The market continues to go up. This month’s results were great. Obviously, the market will at some point turn back down. No telling when that will be. I am watching.
My topic today is sudden money. Sudden money is inheritances, life insurance proceeds, divorce settlements, legal settlements, sales of property or businesses, etc. The common element is a large amount of cash that you did not previously have.
Everyone wants a piece of that money. You put that money into the bank. The teller then asks you if you want to speak to the bank’s financial planners. The teller IS ON COMMISSION. I have seen an insurance agent testify at an open casket funeral about how the deceased was his best friend (which was false. They only met two weeks before) and then sell an annuity to the widow. There is a big incentive to grabbing the money when it is fresh.
- Everyone wants to manage the money and most are on commission.
- Annuities are extremely high commission. Most of the time, they are the wrong choice. They convert capital gain to ordinary income (bad tax planning). They lock up your money for years unless you pay a big surrender charge.
- Do not make financial decisions while your head is cloudy. The insurance agent above sold the grieving widow with words similar to “I am sorry to bring this up now but this deal is too good to wait.”
- Resist the temptation to pay off your mortgage. I have seen widows take the entire life insurance proceeds and pay off most of the mortgage and then have nothing to live on. First, make sure you have enough money to live, then pay off credit cards, then cars, then mortgages.
- Sit down and plan out your situation. How much do you have? What is still to come in (wages, social security, future sudden cash, etc.)? What are your expected expenses? Think about how much risk you want. Start with a disciplined process and you will get a better result. I can help you put together a plan.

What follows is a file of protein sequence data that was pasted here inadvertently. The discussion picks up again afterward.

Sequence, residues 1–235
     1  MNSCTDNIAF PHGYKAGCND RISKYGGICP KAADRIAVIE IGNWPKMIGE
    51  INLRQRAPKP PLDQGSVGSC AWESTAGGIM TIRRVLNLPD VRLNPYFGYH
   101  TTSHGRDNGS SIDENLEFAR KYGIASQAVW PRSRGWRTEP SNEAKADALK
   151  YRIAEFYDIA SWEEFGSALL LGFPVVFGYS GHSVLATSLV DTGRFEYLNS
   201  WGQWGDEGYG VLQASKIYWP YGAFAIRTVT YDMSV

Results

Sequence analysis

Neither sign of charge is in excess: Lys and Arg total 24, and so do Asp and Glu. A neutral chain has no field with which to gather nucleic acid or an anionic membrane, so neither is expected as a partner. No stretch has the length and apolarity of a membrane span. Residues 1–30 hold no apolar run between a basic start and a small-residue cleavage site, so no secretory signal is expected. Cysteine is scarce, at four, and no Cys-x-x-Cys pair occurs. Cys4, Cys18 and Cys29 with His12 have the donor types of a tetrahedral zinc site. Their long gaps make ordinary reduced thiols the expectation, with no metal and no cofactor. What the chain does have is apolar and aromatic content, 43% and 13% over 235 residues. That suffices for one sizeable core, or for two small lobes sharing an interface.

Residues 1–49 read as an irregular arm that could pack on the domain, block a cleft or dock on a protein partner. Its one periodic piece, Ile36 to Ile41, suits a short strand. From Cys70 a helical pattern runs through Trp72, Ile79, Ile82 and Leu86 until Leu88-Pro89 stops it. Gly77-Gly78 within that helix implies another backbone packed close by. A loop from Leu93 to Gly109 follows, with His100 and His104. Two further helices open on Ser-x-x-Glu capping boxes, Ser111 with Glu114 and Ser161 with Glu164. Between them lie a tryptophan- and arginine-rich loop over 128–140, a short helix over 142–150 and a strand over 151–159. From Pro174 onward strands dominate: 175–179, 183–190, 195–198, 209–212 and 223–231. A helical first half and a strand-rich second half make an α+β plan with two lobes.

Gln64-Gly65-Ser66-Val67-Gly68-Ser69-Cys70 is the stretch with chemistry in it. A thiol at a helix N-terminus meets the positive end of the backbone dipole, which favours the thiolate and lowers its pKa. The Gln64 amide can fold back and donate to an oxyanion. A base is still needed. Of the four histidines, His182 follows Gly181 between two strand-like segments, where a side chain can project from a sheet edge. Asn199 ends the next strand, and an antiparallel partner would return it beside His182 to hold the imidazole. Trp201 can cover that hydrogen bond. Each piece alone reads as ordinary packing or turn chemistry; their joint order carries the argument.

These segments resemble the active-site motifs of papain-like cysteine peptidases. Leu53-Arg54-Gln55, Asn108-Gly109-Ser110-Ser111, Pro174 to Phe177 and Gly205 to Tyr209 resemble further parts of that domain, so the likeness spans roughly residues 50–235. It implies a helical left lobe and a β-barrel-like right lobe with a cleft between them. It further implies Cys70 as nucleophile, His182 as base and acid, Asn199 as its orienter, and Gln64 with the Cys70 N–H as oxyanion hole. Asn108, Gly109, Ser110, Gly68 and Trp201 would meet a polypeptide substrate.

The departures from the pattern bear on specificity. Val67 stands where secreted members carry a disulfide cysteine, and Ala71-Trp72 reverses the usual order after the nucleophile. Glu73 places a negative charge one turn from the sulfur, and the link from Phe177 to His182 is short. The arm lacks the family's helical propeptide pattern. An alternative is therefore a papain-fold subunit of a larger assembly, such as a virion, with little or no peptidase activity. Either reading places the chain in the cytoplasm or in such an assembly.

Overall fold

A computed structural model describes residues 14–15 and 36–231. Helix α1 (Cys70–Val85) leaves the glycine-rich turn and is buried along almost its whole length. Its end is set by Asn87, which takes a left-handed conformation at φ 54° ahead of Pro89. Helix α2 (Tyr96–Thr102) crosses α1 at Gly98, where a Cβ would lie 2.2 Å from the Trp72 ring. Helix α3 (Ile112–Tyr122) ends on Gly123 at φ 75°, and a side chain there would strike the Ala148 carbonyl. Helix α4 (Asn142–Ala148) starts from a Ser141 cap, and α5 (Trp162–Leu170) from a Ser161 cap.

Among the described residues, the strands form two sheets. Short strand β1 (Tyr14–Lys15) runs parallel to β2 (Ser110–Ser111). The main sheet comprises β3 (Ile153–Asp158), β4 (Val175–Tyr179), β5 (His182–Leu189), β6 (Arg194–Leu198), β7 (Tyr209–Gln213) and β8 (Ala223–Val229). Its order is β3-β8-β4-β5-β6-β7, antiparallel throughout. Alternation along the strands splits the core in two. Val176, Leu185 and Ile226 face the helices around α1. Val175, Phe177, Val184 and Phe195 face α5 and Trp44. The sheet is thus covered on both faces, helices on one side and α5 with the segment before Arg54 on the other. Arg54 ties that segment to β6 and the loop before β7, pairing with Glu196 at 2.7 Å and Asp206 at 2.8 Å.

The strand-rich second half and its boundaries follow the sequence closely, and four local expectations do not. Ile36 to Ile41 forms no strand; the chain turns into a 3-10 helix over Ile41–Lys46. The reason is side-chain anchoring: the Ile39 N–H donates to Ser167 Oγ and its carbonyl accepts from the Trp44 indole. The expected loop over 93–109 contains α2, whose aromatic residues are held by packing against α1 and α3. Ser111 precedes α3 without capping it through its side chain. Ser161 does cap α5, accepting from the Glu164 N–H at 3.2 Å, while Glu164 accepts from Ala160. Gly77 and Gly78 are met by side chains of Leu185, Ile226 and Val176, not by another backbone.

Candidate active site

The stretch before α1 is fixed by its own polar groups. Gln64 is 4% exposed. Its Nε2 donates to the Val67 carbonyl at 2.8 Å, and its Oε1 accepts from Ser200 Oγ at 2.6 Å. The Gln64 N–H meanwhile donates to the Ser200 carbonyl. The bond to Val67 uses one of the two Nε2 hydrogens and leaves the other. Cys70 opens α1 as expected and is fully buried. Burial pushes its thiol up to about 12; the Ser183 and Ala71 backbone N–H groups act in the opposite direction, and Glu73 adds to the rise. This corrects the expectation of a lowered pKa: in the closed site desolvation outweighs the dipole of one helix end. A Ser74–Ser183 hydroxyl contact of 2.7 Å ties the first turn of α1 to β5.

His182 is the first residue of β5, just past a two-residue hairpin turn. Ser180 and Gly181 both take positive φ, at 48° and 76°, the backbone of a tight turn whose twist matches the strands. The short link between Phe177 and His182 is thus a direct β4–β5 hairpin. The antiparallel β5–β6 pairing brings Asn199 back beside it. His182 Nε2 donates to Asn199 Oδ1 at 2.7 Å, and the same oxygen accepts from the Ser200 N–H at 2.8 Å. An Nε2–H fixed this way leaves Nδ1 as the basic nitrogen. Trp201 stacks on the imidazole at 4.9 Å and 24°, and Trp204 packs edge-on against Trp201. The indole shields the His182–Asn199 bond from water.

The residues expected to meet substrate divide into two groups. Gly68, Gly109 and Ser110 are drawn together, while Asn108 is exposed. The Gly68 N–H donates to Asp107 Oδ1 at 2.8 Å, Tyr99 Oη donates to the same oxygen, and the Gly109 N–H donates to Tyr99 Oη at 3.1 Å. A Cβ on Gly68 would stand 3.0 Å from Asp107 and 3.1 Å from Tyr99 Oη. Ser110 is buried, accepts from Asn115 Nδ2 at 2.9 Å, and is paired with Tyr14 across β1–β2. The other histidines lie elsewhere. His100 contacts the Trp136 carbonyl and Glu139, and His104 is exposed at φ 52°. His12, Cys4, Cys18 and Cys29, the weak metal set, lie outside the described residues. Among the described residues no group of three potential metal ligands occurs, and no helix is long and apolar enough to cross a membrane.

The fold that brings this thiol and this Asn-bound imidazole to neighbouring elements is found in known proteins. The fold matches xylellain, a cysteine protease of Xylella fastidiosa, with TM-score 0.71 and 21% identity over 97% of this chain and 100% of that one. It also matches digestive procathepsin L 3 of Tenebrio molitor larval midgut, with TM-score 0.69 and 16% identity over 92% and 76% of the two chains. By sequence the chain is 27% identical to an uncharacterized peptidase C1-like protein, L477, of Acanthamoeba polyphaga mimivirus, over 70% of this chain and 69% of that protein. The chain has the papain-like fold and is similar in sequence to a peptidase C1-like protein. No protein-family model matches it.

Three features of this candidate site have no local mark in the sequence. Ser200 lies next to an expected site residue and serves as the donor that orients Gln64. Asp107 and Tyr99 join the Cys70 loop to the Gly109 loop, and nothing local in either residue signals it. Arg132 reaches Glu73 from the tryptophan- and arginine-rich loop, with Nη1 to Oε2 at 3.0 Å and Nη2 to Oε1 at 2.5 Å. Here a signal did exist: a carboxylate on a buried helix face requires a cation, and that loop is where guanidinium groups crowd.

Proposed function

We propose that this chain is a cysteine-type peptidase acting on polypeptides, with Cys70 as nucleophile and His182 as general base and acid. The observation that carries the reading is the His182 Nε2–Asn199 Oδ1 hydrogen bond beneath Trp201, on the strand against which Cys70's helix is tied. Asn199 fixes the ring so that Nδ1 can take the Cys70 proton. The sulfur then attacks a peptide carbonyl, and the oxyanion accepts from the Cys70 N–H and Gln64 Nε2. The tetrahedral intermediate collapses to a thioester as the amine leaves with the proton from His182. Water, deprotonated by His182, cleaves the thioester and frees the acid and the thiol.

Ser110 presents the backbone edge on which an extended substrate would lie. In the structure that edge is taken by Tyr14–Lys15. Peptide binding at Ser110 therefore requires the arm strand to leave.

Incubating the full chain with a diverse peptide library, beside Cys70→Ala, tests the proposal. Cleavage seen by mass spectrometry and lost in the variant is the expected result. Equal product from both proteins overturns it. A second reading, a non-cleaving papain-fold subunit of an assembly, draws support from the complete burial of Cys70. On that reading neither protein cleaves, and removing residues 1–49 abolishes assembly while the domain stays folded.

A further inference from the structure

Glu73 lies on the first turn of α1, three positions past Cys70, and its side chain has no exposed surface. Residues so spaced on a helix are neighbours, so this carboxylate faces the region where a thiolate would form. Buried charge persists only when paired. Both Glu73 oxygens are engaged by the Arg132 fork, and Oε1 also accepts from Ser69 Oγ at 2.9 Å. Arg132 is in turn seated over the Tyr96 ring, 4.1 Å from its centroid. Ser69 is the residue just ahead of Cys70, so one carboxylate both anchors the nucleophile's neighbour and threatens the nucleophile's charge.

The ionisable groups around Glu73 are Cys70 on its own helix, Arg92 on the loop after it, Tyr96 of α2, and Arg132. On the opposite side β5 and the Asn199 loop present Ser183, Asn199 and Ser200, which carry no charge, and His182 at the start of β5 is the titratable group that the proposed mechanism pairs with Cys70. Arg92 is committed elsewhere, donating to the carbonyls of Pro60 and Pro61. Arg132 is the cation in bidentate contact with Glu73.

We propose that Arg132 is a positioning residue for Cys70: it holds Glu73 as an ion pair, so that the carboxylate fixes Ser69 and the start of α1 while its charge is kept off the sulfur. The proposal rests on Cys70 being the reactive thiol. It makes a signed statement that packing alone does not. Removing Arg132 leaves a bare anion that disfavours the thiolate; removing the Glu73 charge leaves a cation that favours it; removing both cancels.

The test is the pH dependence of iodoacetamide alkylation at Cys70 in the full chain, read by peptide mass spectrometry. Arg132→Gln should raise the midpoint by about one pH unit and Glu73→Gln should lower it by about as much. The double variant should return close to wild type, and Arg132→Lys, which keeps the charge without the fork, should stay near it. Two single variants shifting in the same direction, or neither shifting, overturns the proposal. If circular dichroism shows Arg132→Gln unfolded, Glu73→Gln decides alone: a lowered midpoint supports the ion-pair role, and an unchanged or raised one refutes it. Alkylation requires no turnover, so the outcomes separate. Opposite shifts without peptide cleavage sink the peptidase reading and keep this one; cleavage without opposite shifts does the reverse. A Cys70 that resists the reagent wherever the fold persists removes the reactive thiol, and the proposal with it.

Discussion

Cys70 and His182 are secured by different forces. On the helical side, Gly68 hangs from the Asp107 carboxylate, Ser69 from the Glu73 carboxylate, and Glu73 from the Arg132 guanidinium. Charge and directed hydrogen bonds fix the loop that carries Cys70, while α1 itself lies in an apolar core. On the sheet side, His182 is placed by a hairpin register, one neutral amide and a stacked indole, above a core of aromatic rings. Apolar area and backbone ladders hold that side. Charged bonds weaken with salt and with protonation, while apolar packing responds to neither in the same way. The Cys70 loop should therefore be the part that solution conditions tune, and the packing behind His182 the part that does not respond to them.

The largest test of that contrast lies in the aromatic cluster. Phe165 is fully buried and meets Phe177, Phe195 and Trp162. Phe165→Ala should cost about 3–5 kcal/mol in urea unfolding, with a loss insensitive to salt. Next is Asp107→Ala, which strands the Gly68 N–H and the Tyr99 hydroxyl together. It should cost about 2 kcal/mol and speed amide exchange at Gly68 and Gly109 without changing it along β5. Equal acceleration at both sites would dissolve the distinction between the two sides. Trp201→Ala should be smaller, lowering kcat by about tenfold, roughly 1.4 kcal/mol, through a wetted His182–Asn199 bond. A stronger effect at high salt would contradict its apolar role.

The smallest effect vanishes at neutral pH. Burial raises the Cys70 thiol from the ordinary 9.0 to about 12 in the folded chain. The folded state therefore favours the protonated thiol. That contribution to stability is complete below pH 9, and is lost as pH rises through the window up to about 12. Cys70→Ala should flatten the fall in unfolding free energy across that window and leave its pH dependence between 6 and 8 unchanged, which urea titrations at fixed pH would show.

- Do not assume the stock market will always go up. Likewise, do not assume real estate prices will always go up. Every asset class has an up and down cycle. Real estate will go back down and has many times in the past. The stock market also can and will go down. There is no such thing as a sure investment. There is always risk.
- Be careful about sudden big spending. The money has to last your life. The market will go up and down. Real estate will go up and down. Your expenses will only go up.
- Sometimes, this money is taxable at ordinary rates (expensive tax). Sometimes it is taxable at capital gains rates (cheap tax). Sometimes, it is not taxable at all (my favorite kind). It depends on the situation. Rather than guess, call me and ask.
- If you know ahead of time that the money is coming, you can plan in advance. Sometimes, we might be able to change the terms so that it is better for you tax wise.
Investment Fee Schedule
|Rate||Assets Under Management|
|1.00%||Between $125,000 and $750,000|
|.85%||Between $750,000 and $1,250,000|
|.80%||Between $1,250,000 and $1,750,000|
|.75%||Between $1,750,000 and $2,500,000|
|.70%||Between $2,500,000 and $3,250,000|
|.65%||Between $3,250,000 and $4,250,000|
A single rate is applied to the whole account. Compared to my old fee structure, under the new fee structure the cost for a $1 million account would be $500 lower per year and the cost for a $1.5 million account would be $1,500 lower per year. I will still waive personal tax return fees for accounts over $1 million. All services stay the same. I am just lowering my upper end fees. For accounts that are above $5,250,000, we’ll need to discuss a custom rate.
As I’m writing these to help my readers, I would be very appreciative of any input in regards to what I should write next. If you want me to write about a particular topic, please contact me. Please contact me if you would like to submit a post to my blog.
If anything that I mentioned above interests you, please consider downloading my free e-book. The book contains my thoughts on investment management and some information that I think everyone should know. You can also download it below.
Questions for the comments
Did my newsletter make sense? Do you agree or disagree with what I said?